When a comma delimited file is opened with Microsoft Excel the user must specify first that it is delimited, then specify the delimiter character being used and also the "text qualifier" which is the field delimiter. Excel has a FILE OPEN dialogue where this is specified when it realises that the file to be opened is a text file. Excel can handle both NULL-FIELD EMPTY or QUOTES to signify NULL column values. The intention with NULL data columns in the spreadsheet is to deliver a spreadsheet column that contains no data and that means no SPACE character or a zero, nothing at all. Character data is loaded as text and numeric data is loaded as an unformatted numeric. If decimal places are involved then the period is unloaded with the numeric data and then loaded into the spreadsheet. The user will then have to format the column to show the decimal places.

File Transfer considerations

The file transfer method used by the user should enable the file to be translated from EBCDIC to ASCII(or UNICODE). This will depend on the capability of the file transfer program. Read the file transfer instructions carefully. The aim is to have a pure text file as input to the spreadsheet including any numeric's.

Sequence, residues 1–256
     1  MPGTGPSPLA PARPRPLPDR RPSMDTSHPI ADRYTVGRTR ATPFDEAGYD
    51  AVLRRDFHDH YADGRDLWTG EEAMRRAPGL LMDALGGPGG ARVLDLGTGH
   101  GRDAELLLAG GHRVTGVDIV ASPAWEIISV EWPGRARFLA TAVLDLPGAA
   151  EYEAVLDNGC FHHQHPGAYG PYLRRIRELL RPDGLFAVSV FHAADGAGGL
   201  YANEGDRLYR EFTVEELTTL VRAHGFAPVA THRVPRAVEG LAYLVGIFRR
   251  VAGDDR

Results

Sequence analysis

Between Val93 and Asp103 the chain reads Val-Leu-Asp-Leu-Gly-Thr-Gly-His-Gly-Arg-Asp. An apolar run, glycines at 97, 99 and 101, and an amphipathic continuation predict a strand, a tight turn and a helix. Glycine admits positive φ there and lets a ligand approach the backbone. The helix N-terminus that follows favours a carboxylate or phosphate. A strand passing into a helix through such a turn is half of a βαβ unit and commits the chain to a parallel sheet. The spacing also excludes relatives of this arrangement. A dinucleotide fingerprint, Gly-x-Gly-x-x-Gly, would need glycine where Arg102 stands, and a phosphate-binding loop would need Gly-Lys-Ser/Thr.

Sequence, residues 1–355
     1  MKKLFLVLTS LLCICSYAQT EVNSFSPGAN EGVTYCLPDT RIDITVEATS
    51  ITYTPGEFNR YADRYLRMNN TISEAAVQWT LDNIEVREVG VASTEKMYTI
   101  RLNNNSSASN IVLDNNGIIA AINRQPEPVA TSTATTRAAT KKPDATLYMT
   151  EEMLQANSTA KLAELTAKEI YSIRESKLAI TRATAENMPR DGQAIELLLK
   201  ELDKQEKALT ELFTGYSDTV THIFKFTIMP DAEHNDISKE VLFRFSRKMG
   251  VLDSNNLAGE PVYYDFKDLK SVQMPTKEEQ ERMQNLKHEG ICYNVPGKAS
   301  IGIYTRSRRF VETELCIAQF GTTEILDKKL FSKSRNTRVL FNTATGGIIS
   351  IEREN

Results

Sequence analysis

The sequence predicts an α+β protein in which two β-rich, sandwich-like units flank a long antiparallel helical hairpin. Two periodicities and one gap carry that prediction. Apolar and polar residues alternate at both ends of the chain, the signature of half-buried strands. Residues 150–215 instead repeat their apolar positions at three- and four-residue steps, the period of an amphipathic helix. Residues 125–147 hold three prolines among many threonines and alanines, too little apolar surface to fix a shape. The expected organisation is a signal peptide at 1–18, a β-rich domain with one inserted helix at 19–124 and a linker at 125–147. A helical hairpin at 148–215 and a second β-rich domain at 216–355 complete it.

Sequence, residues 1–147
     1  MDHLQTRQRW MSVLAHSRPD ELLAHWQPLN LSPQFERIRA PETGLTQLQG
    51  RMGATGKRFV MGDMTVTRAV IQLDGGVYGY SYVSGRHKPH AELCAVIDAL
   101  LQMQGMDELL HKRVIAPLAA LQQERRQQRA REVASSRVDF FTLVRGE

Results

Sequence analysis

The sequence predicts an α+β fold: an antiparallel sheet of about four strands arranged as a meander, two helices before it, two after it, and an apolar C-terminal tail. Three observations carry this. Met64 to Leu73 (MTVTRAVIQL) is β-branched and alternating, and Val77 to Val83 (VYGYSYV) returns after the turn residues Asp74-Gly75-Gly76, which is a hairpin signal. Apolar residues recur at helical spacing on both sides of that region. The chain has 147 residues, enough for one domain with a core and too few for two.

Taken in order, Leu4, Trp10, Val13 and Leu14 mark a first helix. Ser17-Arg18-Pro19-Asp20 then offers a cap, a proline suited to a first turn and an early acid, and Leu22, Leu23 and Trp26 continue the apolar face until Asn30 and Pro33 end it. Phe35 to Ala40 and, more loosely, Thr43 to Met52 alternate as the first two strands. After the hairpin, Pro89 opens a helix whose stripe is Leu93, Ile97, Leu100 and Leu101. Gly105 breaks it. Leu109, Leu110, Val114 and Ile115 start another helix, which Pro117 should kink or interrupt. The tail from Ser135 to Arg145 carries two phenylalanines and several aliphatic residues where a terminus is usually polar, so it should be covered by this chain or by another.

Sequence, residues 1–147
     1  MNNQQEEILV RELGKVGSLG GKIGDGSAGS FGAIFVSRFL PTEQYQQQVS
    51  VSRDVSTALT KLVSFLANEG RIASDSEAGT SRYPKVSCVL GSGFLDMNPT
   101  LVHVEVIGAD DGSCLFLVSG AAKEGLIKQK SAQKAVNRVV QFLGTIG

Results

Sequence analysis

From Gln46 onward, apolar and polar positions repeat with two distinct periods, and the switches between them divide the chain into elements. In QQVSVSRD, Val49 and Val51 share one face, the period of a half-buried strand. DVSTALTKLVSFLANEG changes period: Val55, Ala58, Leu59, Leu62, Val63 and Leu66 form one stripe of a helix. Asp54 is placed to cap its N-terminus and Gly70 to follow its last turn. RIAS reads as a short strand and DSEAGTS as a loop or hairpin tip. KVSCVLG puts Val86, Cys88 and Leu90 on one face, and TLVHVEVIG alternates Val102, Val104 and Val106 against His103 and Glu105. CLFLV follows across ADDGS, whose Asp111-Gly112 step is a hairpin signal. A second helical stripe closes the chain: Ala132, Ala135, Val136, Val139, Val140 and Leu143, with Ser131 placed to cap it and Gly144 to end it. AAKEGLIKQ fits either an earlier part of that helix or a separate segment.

Decimal Point considerations

Fast Unload provides a DECIMAL-POINT keyword which may be used to signify a decimal point other than the one specified in DSNHDECP for the unload data. The literal used must not be the same as a delimiter being used. Microsoft Excel has options to signify alternate decimal point characters in order to correctly read the input data as a numeric value. In EXCEL look in TOOLS, OPTIONS, INTERNATIONAL, DECIMAL SEPARATOR.

Other Relevant Information:

Documentation References

Fast Unload User Guide, KEYWORD descriptions for QUOTE, COMMA, NULL-FIELD, DECIMAL-POINT and OUTPUT-FORMAT. There is an additional keyword called ROW-DELIMITER available which allows a specific literal to be specified and generated at the end of each row of data. Normally this is not required by a spreadsheet but I make note of it here for completeness.